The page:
Happy Thanksgiving, readers, one day early!
In the last week or two, we’ve written about Thanksgiving pretty intensely. We shared Cara’s Mom’s Apple Pie, Alex’s Roasted Chicken (which, we pointed out, would make a fine substitute for a turkey if you’re only hosting a few people), Portobello Mushrooms with Parmesan-Herb Stuffing, and Garlic-Rosemary Mashed Potatoes. On Serious Eats, we shared recipes for Farro and Cauliflower Salad with Currants, Twice-Baked Sweet Potatoes, and Turkey Picatta.
But we haven’t yet talked about stuffing. At Cara’s, the stuffing is traditionally a chestnut dressing cooking beside the turkey. It’s Cara’s grandma’s recipe, and it gets no updating because it needs none.
At Phoebe’s, on the other hand, the stuffing falls under her domain, and no matter how perfect the stuffing was one year, the next year she gives it a nice big tweak. For 2009′s Thanksgiving, she made a Pumpkin-Leek Stuffing with Turkey Sausage (which Cara had the good fortune to eat, leftover, beneath an olive-oil fried egg). This year, she’s working on something inspired by the above-mentioned roasted chicken, made with good chicken broth, lemon juice and zest, and loads of fresh herbs. We’ll have that recipe up here soon; read below for last year’s version.
We want to know what goes on your Thanksgiving table every year–no question–and what you’re making in 2010 that you’ve never served before. Tell us all about it in the comments.
With that we’re taking a break almost til Monday to cook, eat, and spend time with our families. We’ll be hosting a cool, charitable giveaway on Saturday though–so come check in then, when, perhaps, you’re tired of cooking, eating, and your family.
Happy Turkey Day!
From our kitchen, albeit small, to yours,
Cara and Phoebe, THE QUARTER-LIFE COOKS
3 ½-2lb pumpkins, peeled and cut into 1-inch cubes
6 leeks, white and light green parts only, halved and thinly sliced
1 stick butter
½ cup of water or stock
2 ½ lbs hot or sweet Italian sausage (I used hot turkey), removed from the casing
3 sweet onions, chopped
3 fennel bulbs, chopped
1 tbsp fresh chopped thyme leaves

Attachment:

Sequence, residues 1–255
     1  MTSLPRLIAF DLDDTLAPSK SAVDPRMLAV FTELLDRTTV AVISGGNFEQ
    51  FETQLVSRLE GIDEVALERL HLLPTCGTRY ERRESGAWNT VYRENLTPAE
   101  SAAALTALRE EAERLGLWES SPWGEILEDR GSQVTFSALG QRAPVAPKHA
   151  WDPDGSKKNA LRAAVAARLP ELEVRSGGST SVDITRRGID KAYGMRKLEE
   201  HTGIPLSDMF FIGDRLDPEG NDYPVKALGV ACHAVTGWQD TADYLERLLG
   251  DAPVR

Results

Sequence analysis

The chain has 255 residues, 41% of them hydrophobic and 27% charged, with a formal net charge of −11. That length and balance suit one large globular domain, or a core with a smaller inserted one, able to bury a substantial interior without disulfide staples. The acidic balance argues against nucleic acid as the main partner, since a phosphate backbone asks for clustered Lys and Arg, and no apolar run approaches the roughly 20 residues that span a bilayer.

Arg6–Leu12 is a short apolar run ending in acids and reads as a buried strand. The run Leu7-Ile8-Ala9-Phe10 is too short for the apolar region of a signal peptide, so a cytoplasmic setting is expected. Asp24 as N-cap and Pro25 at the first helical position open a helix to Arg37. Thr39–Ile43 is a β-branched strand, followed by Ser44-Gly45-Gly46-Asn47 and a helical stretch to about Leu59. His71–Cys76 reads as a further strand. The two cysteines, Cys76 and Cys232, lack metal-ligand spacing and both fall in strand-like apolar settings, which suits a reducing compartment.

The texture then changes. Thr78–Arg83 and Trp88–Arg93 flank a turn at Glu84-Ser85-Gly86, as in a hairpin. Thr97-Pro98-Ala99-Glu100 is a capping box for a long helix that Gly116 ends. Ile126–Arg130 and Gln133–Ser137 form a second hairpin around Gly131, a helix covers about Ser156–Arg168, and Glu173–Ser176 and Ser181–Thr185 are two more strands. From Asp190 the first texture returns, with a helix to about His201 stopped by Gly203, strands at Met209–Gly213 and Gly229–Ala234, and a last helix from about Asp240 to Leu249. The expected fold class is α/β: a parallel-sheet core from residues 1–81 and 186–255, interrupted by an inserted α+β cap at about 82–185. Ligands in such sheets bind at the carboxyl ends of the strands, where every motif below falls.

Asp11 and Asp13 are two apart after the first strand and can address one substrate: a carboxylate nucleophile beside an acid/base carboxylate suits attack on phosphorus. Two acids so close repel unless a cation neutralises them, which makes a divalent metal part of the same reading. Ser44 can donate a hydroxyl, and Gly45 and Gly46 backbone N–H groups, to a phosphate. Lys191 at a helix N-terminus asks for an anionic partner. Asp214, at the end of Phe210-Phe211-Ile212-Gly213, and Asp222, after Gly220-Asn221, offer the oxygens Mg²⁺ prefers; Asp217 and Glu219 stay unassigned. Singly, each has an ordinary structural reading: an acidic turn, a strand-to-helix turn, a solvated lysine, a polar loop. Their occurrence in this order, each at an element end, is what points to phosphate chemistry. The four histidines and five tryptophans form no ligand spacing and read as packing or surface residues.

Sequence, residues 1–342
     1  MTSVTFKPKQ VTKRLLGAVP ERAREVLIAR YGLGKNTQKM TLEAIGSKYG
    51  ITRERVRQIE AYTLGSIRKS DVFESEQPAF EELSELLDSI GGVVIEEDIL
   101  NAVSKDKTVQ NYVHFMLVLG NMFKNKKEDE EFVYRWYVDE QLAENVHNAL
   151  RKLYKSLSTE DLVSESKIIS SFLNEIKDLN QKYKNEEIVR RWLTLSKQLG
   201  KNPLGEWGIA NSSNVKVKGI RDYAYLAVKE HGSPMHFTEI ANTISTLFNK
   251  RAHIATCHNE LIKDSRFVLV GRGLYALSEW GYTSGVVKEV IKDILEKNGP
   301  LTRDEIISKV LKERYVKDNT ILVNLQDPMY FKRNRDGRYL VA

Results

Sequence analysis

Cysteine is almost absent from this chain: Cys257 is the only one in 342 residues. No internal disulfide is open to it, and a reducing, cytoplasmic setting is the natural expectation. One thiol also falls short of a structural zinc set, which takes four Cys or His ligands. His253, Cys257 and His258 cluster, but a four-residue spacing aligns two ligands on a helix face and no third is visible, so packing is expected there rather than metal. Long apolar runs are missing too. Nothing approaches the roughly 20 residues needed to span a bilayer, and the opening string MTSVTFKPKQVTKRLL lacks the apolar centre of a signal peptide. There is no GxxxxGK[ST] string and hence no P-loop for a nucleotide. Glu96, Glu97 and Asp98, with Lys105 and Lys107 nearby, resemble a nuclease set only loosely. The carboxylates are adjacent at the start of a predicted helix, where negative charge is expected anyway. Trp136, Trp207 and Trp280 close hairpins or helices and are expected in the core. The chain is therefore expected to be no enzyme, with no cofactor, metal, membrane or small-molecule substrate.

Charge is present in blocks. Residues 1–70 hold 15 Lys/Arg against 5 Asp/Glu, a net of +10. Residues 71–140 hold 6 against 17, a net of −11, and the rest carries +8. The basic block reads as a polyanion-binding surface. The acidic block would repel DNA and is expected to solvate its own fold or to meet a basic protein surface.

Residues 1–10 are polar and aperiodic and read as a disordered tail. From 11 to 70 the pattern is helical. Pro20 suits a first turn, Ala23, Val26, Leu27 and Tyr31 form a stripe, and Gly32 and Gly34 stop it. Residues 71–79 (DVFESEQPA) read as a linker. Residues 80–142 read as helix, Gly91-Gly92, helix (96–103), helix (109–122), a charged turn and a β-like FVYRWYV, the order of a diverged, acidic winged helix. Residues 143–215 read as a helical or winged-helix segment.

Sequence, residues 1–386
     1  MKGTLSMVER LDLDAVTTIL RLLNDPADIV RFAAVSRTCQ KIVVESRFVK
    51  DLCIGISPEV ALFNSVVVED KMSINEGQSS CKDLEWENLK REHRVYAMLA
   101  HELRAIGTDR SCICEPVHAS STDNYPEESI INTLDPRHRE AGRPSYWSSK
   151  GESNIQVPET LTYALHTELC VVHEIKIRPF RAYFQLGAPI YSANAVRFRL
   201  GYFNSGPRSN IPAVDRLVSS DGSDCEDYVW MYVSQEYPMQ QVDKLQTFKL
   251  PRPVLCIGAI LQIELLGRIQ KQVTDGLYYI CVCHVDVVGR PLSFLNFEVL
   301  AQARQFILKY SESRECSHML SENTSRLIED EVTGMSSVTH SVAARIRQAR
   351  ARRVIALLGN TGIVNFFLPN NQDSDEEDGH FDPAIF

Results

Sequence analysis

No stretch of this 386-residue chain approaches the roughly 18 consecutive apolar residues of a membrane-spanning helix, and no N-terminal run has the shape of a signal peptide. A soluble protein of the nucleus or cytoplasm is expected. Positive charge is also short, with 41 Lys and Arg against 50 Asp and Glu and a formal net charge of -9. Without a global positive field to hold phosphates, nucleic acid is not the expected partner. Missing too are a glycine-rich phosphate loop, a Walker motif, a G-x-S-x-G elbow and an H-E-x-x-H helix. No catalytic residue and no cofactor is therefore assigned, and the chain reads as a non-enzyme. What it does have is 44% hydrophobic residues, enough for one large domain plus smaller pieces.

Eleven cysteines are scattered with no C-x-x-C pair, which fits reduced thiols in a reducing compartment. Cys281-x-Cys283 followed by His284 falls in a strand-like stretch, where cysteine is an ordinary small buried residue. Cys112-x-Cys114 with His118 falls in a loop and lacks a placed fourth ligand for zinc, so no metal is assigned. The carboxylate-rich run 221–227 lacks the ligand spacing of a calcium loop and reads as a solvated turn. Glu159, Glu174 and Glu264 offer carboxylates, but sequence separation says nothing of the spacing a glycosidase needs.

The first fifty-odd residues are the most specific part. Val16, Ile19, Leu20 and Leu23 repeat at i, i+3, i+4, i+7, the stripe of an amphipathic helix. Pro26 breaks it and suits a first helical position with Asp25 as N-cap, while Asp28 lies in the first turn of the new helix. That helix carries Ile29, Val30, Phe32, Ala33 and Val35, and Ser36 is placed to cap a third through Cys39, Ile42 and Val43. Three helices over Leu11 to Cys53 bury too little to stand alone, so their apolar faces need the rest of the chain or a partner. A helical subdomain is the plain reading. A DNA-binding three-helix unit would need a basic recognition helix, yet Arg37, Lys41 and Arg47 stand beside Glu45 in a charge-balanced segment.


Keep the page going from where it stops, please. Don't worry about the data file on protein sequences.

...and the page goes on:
¼ cup dry white wine
4 loaves ciabatta, cut into 1 inch cubes
4 cloves garlic, chopped
½ cup sage leaves, coarsely chopped
6 eggs, lightly beaten
2 cups chicken stock
½ cup chopped fresh parsley
Preheat the oven to 375 degrees. Toss the pumpkin with a drizzle of olive oil and a generous amount of salt on several rimmed cookie sheets. Roast in the oven for 40-45 minutes, redistributing occasionally, until tender and beginning to brown. Remove and set aside in a large casserole (what you will use for the whole stuffing).
In a large Dutch oven or casserole, melt the butter over medium heat. Add the leeks and sauté for 5-10 minutes until the butter is incorporated and they begin to wilt. Add the water or stock, turn the flame to low, cover and cook for 20-25 minutes stirring occasionally. Cook slowly until the leeks are completely soft and beginning to turn to mush. Take the lid off and cook uncovered until most of the liquid has evaporated. Season with salt and add to the pumpkin mixture.
In the same pot or pan, add a little olive oil, turn the heat to high, and brown the sausage. Break it apart with your spatula as you go so the sausage crumbled into very small chunks. When properly browned, add to the pumpkin-leek mixture.
Add the onion, fennel, and thyme to the pot and sauté for 10 minutes, making sure to scrape up any brown bits from the sausage. When tender, but not caramelized, add the white wine and season with salt and pepper. Continue to sauté for another 5 minutes or so until the vegetables are very tender and the alcohol in the wine has burned off. Add to the pumpkin-leek mixture.
NOTE: everything up to this point can be done 1-2 days before.
The day of, combine the garlic and sage with ½ cup of olive oil. Heat in the microwave until the oil is fragrant and infused, about 1-2 minutes. Toss the cubed ciabatta with the oil and a generous amount of salt and turn out onto several rimmed cookie sheets. Toast in a 350 degree oven for 5 minutes—until the bread is crisp, but not completely browned.
Toss the bread together with the vegetable mixture, the eggs, stock, and parsley. Make sure it is well combined, and add any stock as necessary to make sure the bread is moist. Let stand for at least an hour so the flavors absorb. Then return to the oven and cook, covered, for 30 minutes. Uncover, and cook for another 20-30 minutes until the top is crusty and brown.